Adaptation is a magical and powerful device. At least it can be. I think a lot of fans — me included — have gotten burned by bad adaptations of their favorite written works over the years. Those bad adaptations can, I think, make us forget how powerful a good one can be.
The FX series Fargo isn’t a literary adaptation unless you count movies as literature, which I do. (At least I think film is capable of scaling the same heights as the greatest books.) Showrunner Noah Hawley’s series, which is going into its fourth season, occupies a slightly different category of adaptation for me. It’s not a direct adaptation of any one Coen brothers movie — though it draw most heavily from the settings and themes of its namesake — but rather it’s what I refer to as a “cauldron adaptation.”
Cauldron adptations draw from an existing body of work and remix a selection of its core elements into what is hopefully a new whole that successfully stands on its own. Cauldron adaptations share a lot of DNA with pastiche, but what distiguishes them (for me) is how Cauldron adaptations draw from a discrete source, as opposed to pastiche, which tend to draw from many sources. (Suggestion and correction most welcome.) NBC’s Hannibal is maybe the greatest Cauldron adaptation of all time. (I’ll likely write at length about Hannibal sooner or later.)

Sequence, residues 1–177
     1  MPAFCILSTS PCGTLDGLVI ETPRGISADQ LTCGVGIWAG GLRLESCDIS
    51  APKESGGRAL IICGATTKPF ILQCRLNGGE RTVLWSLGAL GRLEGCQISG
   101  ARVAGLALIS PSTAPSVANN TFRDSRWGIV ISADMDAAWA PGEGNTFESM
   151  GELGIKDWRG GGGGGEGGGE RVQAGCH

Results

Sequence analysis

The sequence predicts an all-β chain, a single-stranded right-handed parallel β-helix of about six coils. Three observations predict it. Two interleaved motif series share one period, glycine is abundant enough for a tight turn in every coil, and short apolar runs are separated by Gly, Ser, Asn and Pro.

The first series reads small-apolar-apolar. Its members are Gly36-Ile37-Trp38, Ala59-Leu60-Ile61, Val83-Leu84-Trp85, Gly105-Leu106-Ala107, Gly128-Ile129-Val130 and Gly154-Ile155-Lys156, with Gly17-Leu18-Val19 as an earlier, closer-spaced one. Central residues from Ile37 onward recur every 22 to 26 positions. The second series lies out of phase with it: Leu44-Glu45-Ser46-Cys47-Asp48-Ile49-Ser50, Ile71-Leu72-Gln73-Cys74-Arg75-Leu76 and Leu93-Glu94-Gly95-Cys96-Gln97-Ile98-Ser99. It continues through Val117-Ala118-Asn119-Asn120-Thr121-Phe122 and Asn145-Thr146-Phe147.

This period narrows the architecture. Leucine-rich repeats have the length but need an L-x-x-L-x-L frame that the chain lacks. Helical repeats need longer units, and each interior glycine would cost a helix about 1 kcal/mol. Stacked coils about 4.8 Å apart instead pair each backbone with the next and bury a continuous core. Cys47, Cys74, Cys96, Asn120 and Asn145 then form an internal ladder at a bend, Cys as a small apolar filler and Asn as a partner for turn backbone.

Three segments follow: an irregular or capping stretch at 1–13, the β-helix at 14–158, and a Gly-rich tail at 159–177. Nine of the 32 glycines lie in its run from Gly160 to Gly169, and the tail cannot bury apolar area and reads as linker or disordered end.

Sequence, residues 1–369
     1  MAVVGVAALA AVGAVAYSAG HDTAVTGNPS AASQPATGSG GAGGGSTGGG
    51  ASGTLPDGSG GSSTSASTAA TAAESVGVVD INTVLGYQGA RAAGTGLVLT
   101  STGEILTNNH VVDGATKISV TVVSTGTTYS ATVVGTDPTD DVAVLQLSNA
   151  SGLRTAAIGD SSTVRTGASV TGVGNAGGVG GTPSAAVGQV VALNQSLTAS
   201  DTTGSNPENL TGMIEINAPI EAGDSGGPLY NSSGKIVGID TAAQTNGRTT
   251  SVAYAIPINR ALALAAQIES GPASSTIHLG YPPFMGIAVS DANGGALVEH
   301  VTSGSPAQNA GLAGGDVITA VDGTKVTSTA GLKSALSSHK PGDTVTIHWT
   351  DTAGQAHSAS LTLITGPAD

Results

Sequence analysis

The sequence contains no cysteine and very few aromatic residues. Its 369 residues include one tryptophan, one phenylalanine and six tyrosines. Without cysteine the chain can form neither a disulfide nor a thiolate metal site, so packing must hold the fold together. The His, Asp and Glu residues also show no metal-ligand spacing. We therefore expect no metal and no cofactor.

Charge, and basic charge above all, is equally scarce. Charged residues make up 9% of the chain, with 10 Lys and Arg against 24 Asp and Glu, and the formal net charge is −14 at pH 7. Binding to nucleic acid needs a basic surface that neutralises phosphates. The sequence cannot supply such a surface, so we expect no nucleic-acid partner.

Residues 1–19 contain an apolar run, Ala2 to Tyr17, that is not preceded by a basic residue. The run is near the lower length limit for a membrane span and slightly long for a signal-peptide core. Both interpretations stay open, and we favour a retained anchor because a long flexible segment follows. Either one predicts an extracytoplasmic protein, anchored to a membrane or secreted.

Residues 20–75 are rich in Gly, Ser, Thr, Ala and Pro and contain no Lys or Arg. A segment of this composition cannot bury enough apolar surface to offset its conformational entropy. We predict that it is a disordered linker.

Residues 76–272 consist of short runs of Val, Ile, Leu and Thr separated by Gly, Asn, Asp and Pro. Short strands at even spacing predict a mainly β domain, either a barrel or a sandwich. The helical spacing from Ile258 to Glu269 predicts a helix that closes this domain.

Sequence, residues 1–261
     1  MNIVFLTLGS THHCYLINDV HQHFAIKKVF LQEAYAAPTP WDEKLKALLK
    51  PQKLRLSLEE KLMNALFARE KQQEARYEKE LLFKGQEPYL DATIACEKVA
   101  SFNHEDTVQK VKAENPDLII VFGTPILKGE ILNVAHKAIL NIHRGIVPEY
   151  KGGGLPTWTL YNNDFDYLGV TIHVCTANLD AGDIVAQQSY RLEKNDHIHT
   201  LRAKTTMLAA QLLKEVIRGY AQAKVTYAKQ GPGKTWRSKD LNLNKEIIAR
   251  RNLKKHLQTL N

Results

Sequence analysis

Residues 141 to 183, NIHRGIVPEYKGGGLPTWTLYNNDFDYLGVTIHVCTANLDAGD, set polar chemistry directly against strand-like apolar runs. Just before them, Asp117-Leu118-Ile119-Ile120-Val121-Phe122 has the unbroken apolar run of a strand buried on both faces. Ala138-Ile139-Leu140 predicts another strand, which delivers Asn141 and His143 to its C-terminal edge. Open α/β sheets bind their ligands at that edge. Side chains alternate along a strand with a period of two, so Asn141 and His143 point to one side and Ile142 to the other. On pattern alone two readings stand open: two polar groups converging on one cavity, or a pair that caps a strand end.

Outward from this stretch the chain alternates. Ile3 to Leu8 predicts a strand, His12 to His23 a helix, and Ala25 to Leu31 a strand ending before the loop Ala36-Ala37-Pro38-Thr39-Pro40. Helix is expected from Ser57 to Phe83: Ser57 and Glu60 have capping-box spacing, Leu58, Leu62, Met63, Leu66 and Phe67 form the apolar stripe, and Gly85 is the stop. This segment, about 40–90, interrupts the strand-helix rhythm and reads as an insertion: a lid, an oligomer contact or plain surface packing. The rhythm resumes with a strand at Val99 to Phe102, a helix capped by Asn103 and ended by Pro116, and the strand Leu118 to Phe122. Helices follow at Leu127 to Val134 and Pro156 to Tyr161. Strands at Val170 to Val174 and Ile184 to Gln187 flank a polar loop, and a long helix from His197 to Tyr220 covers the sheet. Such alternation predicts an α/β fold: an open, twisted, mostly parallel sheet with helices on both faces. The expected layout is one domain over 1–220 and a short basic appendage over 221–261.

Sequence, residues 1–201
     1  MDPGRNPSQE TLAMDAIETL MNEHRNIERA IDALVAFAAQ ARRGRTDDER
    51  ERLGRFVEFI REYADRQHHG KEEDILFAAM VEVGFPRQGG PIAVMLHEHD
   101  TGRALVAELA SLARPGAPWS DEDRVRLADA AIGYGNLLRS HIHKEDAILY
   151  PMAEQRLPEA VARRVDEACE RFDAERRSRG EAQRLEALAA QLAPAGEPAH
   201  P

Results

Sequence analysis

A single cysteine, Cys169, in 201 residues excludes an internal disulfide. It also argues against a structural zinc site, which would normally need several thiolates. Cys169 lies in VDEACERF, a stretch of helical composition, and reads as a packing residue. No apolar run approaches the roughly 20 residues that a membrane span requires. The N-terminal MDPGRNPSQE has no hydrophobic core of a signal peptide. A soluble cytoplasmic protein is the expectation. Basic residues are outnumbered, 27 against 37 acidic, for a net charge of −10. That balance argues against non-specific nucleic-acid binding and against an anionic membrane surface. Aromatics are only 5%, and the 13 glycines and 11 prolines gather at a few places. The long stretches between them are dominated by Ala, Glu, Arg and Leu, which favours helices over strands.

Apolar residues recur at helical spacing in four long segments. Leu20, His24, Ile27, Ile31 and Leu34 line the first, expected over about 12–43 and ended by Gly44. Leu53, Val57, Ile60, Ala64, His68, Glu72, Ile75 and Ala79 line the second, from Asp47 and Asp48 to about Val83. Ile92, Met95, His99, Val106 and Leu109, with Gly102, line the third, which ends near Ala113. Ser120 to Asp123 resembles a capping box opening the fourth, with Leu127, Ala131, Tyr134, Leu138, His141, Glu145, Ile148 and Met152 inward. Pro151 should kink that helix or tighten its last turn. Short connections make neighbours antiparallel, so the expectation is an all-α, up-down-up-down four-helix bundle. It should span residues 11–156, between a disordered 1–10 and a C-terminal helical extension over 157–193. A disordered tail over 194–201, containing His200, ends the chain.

Fargo has, to my great satisfaction, drawn from the Coens’ entire oeuvre to great effect. Yes, it always takes place in the snowy reaches of Minnesota, and the seasons’ story engines have always run on petty crime and the many clownish incompetents who practice it.
But the showrunners have included elements from virtually every Coen brothers movie, oftentimes turning those elements on their head. One season included a botched shakedown by two heavies, a la the opening of The Big Lebowski, but instead followed the two incompetent heavies.
(Random side note, but apparently this kind of thinking drove Quentin Tarantino’s writing of Pulp Fiction. Reportedly he loves the opening of the Schwarzenegger classic Commando, which depicts a pair of hitmen going about their business. For Pulp, Tarantino chose to follow the hitmen for the remainder of their day.)
Accordiong to Hawley, Fargo season four will draw most heavily on Raising Arizona as it follows two warrning gangs, each led by Chris Rock and Jason Schwartzman. The period setting reminds me most strongly of Miller’s Crossing, The eminent Chris Rock promises to make a fine addition to the Coen universe, of course, and it’s great to see Jason Schwartzman in this milieu, as well.